Peace on Earth

I received a couple very interesting Christmas gifts just before the holiday. The first was more joyous, a letter from the GRE board in response to the note I'd placed that perhaps a particular question was culturally biased. They didn't agree with me, but I was honored that they took such a great deal of time to investigate the question and talk with some experts, and then even respond to me. And I at least got to find out that that particular question was answered correctly.

The second gift was less sanguine, coming on Friday from Irad Medical Imaging. Regular readers may recall the enjoyment of kidney stones I had previously. Well, without insurance, that left me with a $7,000 bill from two ER visits. Actually, 4 bills, from two hospitals, and 2 radiation labs. All four are contemplating my situation, and I am waiting for them to tell me if they can reduce the bill. A good thing to pray for, surely. One of the smaller bills was for Irad Medical Imaging. As soon as I got the bill I immediately called them to reiterate my poverty (as I'd mentioned it at the time of the service). They asked me to send over a mess of paperwork, which I did. A bit later I hadn't heard from them, so I contacted them, to make sure they had my correct address, and ask what the status was. They told me they were still reviewing my case.

On Friday evening I received a letter from Irad, after it was too late to call them, as they have gone home for the holidays, along with their voicemail. The letter stated that this was a final notice, that I hadn't responded to any previous requests, and if I didn't pay in full I would be referred to collections. Although quite angry at the allegations, there was nothing I could do about it till after Christmas. So in honesty, this has been hanging over me throughout the holiday, and I have been fighting to not let the worry rule me in this time.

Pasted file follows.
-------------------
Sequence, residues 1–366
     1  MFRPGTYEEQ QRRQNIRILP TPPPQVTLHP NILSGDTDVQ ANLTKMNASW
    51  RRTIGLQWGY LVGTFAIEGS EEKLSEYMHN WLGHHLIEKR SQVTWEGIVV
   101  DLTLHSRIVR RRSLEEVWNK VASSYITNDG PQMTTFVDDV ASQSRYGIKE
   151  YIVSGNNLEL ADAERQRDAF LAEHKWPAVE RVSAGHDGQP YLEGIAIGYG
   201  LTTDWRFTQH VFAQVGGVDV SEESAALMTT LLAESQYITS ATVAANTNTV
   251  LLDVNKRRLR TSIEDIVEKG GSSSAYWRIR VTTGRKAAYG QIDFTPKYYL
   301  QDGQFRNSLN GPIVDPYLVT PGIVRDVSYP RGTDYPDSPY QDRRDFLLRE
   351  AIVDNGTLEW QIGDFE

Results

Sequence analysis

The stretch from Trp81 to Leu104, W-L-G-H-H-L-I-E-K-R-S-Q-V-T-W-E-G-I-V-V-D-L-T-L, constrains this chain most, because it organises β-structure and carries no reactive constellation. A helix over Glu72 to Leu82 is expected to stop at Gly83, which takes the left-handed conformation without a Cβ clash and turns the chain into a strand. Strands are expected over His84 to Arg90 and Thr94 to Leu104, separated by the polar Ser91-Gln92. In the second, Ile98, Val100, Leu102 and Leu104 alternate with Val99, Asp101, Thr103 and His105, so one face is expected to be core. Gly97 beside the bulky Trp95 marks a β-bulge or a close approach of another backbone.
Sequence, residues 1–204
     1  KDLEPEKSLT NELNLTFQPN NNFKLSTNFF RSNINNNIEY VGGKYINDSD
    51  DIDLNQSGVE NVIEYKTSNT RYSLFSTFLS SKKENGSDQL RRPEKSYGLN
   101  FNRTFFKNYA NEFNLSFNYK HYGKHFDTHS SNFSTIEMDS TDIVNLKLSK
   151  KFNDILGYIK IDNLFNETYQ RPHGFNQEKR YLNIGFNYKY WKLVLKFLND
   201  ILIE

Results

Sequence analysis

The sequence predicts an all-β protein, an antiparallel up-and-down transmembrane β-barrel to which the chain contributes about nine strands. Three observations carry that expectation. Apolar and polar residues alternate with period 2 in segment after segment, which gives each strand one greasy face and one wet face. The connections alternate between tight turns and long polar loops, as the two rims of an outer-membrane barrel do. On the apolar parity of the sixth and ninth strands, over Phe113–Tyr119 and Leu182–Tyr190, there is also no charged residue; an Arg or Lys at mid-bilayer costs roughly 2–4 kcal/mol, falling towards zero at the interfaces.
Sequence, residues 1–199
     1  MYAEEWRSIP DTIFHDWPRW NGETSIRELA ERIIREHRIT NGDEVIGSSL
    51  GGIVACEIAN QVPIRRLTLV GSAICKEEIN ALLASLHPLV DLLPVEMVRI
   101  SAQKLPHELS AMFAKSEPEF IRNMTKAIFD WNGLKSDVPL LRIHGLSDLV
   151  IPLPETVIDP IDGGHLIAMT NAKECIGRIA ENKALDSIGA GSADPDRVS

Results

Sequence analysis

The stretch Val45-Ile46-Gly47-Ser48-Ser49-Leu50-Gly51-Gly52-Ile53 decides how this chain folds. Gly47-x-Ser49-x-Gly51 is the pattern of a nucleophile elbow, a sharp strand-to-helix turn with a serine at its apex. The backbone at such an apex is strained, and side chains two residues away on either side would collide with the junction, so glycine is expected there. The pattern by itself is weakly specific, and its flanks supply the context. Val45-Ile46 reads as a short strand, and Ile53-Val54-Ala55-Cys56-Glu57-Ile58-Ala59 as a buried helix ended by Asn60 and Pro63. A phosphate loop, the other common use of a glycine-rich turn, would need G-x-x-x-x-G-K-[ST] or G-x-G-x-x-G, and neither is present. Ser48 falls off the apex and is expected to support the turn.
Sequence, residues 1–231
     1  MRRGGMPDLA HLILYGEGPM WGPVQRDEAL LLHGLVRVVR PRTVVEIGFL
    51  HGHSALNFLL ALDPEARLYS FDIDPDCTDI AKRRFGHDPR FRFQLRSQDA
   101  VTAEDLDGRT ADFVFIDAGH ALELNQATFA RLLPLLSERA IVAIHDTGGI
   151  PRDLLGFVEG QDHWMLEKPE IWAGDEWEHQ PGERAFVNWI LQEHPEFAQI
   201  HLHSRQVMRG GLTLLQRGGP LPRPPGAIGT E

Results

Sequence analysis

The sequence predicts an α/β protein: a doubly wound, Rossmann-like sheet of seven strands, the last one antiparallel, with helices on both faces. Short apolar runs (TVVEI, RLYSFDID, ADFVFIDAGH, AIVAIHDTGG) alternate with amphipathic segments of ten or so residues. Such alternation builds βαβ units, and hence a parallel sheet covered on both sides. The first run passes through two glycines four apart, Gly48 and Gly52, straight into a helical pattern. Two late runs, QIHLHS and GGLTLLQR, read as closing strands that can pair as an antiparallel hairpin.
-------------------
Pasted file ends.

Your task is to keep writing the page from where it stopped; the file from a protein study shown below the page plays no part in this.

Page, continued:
Me opening a book on Yemen and on Christian hedonism, from me Mom.
Last Christmas found me wandering through Sana'a and Ta'izz in Yemen. This Christmas Eve and Christmas were more normal, spent with my brother Kent and my sister-in-law Trina. A small, quiet affair. Made my My brother Kent, opening a game on predicting how well you know others, from me.signature bread, had excellent Trina-prepared food, opened presents, went to sleep, had more pancakes by the same great cook, and opened more presents. Kent's cat got me a dangling cat toy; the dog got me pork slivers for dogs. (Not being as intelligent as us, pets tend to get things for others that they might enjoy My Sister-in-law Trina, opening up perfumes, from my mom.themselves.) We actually had the most fun with the cat toy, watching the cat chase us around the house. And then after he grabbed the toy chasing the cat around the house. I got the cats a cat grass chia pet. I actually have been very excited to receive two books I've been dying to read- Obama's The Audacity of Hope, and Carter's Palestine: Peace Not Apartheid. Also got a toaster oven, so I can finally start making bread at home. Then we were off to the movies.

It seems like, after a great dearth over this past summer, the theatres are now flooded with Must-See movies. But for us, on this day, I must say the chief of them is The Nativity Story. It's hard to find something wrong with this movie. Mary is done by Keisha Castle-Hughes, one of the best young actresses I've seen, from the phenomenal Whale Rider. The original writing is top-notch. The directing isn't that bad either. They have really brought to life what is what like in 1st century Palestine, from the ululating zigharat at the birth of John to the cry for release from oppression of Roman taxes. This isn't Hollywood beautiful people or even white Britains in the middle of ancient Israel- these are average looking people, and very Semitic to boot. I'd imagine actually that much of the American audience would see the classic terrorist stereotype in Joseph's face, as in truth modern-day Arab Muslims are probably the closest in culture and physical appearance to the ancient Jews of any group on Earth. And there's even some extra action and humor thrown in.